black-and-white brain scan showing tumor
Glioblastoma Cells Imitate Immature Neurons to Invade the Brain
Sophie Fessl, PhD | Aug 5, 2022 | 3 min read
Neuron-like glioblastoma cells are the pioneers of deadly tumors’ spread through the brain, contributing to their devastating invasiveness, a study in mice finds.
Artist’s 3D rendering of malignant cancer cells, illustrated in pink, as it would appear under a scanning electron microscope.
Underdog Enzyme Likely Responsible for Mutations in Most Cancers
Sophie Fessl, PhD | Jul 28, 2022 | 3 min read
A previously overlooked enzyme called APOBEC3A is linked to the most prevalent mutational signatures in cancer cell lines, a study finds.
Enhancing the Efficacy of CAR-T Cell Therapies
The Scientist Creative Services Team in Collaboration with IsoPlexis | 1 min read
Jessica Morris will discuss strategies to improve CAR-T cell targeting, activation, and killing capabilities.
An illustration of a mitochondrion, represented by a purple and orange bilayer, synthesizing reddish molecules of ATP.

Mitochondrial Protein Fuels Spread of Head and Neck Cancer 

Patience Asanga | Jul 8, 2022 | 3 min read
Head and neck cancer cells lacking the peptide involved in energy production were less likely to metastasize in mice.
Artist’s rendition of metastatic cancer cells with yellow nuclei and green cell bodies extending into blue tendrils.
While the Body Rests, Breast Cancer Spreads More Aggressively
Alejandra Manjarrez, PhD | Jun 23, 2022 | 4 min read
More cancer cells are shed from primary tumors when individuals are asleep than when they’re awake, according to observations in mouse models and a small cohort of breast cancer patients.
Best of Cancer Research
The Scientist Creative Services Team | 1 min read
This collection of articles from The Scientist explores some of the latest cancer research!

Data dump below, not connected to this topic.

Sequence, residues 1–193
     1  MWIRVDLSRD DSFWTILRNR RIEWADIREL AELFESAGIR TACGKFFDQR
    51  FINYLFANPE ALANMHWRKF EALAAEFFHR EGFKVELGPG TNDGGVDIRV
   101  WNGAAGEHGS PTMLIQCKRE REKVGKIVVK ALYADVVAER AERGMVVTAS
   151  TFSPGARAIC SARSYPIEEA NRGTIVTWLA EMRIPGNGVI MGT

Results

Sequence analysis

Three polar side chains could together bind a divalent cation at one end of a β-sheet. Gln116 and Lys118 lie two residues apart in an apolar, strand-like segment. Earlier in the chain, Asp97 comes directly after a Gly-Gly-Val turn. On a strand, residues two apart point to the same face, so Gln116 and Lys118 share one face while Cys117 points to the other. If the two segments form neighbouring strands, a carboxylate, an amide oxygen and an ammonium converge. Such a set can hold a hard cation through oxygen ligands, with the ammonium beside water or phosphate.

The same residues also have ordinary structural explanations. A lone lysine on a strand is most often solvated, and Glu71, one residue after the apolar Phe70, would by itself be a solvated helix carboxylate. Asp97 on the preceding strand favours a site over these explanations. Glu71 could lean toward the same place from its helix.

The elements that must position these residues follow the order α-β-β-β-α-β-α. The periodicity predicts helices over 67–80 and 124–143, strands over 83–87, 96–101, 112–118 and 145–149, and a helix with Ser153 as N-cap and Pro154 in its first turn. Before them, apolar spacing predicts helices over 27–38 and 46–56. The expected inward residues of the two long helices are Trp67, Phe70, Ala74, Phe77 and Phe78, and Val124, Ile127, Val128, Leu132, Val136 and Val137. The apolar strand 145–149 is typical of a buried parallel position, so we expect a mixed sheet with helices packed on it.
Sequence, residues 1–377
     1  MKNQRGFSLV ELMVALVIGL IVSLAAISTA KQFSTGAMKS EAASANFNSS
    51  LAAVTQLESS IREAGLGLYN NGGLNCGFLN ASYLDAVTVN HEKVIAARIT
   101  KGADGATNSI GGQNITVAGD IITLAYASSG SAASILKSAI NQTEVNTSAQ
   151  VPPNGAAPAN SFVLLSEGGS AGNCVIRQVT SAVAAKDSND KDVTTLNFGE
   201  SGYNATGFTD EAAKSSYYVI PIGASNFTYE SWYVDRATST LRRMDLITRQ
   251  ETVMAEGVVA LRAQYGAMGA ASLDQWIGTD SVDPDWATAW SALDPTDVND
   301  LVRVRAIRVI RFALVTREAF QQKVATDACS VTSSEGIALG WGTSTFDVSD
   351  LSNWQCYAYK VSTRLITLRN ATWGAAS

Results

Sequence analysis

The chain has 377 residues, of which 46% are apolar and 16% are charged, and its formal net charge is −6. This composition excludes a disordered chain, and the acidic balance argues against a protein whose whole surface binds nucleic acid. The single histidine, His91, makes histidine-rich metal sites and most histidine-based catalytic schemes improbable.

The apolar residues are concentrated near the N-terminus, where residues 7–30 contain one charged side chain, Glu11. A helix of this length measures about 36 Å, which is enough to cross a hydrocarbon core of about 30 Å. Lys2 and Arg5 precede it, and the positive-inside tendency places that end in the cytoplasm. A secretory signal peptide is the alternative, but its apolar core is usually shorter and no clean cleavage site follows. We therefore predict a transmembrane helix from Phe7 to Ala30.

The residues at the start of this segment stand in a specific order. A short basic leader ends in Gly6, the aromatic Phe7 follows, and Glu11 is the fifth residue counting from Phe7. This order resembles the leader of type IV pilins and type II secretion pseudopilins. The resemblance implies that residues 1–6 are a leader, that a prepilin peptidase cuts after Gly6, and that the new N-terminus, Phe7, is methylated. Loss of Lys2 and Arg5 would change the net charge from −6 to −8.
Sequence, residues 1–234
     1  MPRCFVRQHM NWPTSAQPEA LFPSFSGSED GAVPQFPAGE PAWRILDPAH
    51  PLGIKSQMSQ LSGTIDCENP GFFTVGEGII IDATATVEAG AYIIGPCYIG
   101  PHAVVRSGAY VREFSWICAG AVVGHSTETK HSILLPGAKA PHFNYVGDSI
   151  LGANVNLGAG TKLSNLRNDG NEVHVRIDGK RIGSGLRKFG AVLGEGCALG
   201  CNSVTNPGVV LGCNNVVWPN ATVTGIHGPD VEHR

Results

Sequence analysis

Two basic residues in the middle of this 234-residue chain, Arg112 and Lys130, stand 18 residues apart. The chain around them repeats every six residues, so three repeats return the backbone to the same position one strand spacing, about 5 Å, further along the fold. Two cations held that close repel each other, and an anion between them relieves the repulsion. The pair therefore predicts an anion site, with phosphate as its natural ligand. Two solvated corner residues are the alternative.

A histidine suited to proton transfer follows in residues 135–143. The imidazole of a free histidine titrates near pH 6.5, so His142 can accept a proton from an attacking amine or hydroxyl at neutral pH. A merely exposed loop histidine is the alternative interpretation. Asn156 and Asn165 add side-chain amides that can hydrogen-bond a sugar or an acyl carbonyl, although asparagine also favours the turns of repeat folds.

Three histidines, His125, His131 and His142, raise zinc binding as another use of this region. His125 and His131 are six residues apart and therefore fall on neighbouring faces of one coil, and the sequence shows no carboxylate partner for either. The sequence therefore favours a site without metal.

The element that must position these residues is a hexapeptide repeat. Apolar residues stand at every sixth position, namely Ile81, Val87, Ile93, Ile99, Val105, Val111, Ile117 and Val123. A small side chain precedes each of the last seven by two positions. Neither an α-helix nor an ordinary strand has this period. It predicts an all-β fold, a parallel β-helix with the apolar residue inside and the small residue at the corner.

3D rendering of a scanning electron micrograph of pink malignant cancer cells against a black background
Cancers Ramp Up Overall mRNA Expression as They Progress
Dan Robitzski | Jun 14, 2022 | 4 min read
A technique for quantifying tumor mRNA production from messy tissue sample data uncovers an unexpected correlation between it and disease stage in 15 cancer types.
multicolor DNA sequencing gel
Genetic Mutations Can Be Benign or Cancerous—a New Method to Differentiate Between Them Could Lead to Better Treatments
Ryan Layer, The Conversation | May 27, 2022 | 5 min read
Tumors contain thousands of genetic changes, but only a few are actually cancer-causing. A quicker way to identify these driver mutations could lead to more targeted cancer treatments.
Genetic and Spatial Heterogeneity in Human Papillomavirus-Associated Oropharyngeal Cancer
The Scientist Creative Services Team | 1 min read
Joseph Powell will discuss how heterogeneous subpopulations of HPV+ head and neck cancer cells drive unique disease states, cell-cell interactions, and microenvironment dynamics, and have implications for cancer behavior, metastasis, and response to treatment.   
Man in lab coat sitting at a lab bench looking at small, stoppered beaker.
Cancer Researcher Donald Pinkel Dies at Age 95
Natalia Mesa, PhD | Mar 18, 2022 | 3 min read
Unsatisfied by how treatments for childhood leukemia failed to prevent the disease’s return, Pinkel combined them all—and virtually cured the disease.